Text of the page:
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Sunday, December 05, 2021

‘Conscious possession’ as Aryan Khan knew friend had drugs: What judge said while rejecting bail plea

Arbaaz Merchant and Aryan were apprehended together at the international cruise terminal from where they were to board the cruise on October 2.

Written by Sadaf Modak | Mumbai |
Updated: October 21, 2021 7:22:09 am
Aryan Khan and others accused in connection with the drugs case brought to a court in Mumbai. (Express file photo by Ganesh Shirsekar)

In its detailed order rejecting the bail application of Aryan Khan, son of Bollywood actor Shah Rukh Khan, a special court has said that since his friend who was traveling with him was found with contraband and he had its knowledge, it amounted to ‘conscious possession’.

Arbaaz Merchant and Aryan were apprehended together at the international cruise terminal from where they were to board the cruise on October 2.

While no drugs were found from Aryan, six grams of charas was allegedly seized from Merchant. The court also relied on their voluntary statements where it is alleged that they had said that they were to consume the contraband together on the cruise.

“In the present case, although no possession is found from accused number 1 (Aryan), six grams of charas was found from accused number 2 (Merchant) of which Aryan had the knowledge and thus it can be said that it was in conscious possession of both the accused,” the court said.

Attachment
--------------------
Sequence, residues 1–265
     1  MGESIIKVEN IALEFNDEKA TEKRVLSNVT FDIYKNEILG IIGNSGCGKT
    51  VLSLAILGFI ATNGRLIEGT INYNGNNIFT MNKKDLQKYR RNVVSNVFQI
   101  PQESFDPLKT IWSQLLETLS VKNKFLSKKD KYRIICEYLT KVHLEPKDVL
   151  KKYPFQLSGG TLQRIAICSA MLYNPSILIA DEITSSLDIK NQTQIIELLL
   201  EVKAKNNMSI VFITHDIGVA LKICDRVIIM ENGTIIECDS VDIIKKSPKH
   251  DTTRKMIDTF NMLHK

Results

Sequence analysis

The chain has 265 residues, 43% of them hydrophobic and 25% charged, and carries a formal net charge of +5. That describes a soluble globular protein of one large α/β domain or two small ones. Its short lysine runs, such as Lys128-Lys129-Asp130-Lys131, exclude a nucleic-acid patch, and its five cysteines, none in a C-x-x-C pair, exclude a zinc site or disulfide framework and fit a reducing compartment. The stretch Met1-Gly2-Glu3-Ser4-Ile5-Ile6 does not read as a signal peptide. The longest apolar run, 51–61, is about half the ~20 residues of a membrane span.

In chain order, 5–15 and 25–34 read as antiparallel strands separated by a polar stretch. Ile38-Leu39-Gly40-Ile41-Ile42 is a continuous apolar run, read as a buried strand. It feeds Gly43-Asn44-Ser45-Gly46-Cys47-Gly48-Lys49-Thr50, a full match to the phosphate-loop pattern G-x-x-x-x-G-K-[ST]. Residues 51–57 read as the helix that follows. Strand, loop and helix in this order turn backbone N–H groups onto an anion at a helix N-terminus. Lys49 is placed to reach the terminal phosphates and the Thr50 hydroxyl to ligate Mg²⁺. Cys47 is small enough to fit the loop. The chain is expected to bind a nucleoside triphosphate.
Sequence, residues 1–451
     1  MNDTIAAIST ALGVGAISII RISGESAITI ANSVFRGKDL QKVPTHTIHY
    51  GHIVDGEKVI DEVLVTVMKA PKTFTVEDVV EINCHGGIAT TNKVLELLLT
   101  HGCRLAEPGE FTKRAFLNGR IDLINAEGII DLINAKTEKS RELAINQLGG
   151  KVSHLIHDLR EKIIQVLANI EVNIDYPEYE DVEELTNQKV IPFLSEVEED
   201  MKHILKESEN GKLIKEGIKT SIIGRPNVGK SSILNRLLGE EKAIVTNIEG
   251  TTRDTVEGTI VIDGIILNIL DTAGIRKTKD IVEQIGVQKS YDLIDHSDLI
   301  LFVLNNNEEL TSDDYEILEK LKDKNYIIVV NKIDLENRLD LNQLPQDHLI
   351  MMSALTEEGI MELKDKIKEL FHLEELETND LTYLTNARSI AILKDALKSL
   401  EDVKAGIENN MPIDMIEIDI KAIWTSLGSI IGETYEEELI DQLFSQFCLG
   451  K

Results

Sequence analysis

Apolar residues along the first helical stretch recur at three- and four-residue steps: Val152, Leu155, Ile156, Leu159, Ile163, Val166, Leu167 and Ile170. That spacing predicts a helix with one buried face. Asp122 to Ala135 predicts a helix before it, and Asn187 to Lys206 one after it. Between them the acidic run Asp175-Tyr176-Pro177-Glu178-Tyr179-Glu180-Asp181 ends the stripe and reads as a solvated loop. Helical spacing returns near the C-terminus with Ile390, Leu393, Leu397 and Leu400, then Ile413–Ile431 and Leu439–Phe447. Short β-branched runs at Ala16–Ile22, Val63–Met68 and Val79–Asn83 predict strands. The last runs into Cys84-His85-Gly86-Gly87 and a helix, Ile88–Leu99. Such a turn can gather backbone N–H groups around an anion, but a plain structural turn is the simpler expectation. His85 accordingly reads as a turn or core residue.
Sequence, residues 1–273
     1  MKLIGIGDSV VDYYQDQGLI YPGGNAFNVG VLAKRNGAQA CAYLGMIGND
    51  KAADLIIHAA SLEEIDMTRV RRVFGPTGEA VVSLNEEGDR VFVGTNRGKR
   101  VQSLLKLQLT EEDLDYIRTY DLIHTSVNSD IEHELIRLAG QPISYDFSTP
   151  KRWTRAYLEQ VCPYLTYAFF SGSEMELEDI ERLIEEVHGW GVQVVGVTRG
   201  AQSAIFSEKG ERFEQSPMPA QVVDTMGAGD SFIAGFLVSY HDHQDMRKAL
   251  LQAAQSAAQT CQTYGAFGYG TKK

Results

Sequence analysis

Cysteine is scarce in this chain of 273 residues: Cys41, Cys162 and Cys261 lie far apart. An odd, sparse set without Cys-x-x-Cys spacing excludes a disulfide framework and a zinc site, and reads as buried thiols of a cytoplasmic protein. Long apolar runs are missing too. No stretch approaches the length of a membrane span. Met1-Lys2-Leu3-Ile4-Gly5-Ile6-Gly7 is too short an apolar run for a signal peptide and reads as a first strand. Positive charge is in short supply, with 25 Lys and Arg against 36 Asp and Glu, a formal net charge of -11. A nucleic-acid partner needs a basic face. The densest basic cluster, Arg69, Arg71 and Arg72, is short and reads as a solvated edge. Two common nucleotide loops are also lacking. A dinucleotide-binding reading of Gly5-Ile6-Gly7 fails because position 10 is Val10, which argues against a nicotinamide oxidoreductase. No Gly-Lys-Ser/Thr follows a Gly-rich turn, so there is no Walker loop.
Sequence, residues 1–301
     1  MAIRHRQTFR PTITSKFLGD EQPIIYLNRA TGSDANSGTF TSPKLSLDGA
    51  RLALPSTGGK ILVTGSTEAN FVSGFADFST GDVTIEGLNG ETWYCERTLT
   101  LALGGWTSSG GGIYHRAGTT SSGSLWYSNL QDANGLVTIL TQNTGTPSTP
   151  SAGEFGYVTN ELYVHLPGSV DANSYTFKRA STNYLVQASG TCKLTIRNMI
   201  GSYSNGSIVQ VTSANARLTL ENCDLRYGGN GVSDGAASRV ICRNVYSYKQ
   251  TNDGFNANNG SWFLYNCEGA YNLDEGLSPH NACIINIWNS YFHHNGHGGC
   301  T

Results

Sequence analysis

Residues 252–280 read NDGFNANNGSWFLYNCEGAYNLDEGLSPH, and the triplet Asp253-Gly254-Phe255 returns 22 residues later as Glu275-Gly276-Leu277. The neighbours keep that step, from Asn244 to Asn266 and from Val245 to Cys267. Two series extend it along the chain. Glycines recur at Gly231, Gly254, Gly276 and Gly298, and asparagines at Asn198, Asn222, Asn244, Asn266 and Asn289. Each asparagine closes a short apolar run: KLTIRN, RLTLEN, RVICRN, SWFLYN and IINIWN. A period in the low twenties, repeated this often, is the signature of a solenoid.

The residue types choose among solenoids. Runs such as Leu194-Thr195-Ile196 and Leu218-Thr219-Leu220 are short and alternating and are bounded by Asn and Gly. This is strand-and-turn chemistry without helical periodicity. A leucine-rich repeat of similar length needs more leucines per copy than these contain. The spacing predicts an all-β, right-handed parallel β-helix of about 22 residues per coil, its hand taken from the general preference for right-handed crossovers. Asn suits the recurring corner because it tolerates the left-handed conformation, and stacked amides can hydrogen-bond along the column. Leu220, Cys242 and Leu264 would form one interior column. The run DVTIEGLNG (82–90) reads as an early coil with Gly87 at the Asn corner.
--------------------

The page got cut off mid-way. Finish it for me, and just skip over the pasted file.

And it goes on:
The court also relied on WhatsApp chats submitted to it. “During course of arguments WhatsApp chats were shown to the court. Perusal of Whatsapp chats reveals that there are chats of accused number 1 (Aryan) about drugs with unknown persons. There is also reference to bulk quantity and hard drug in the chats. There is prima facie material showing that accused number 1 was in contact with persons dealing in prohibited narcotic substances alleged by the prosecution,” the court said.

While it was argued by Merchant’s lawyer that there was no panchanama to show that the phones were seized and hence these chats cannot be relied on, the court said that a certificate under the Indian Evidence Act was not necessary at the stage of investigation. It also agreed with the NCB’s contention that Merchant and Aryan had surrendered their phones voluntarily.

It said that these chats showed a nexus between the accused with suppliers and peddlers. The court also said that while Aryan had no previous antecedents, his chats show that he is indulging in ‘illicit drug activities’.

“WhatsApp chats prima facie reveals that accused number 1 (Aryan) is dealing in illicit drug activities of narcotic substances on regular basis. Therefore it cannot be said that accused no 1 is not likely to commit similar offence while on bail,” special judge V V Patil said.

The court also said that there was prima facie evidence of conspiracy and it would be dealt with in-depth during the stage of the trial.

While the defence lawyers had said that there was nothing to connect Aryan with the others arrested in the case, the court said all accused are ‘connected in the same thread’ and prima facie material to indicate that accused are part of ‘larger network’. It said that at this stage accused’s role cannot be isolated from one another. It also said that there was a chance of tampering with evidence.

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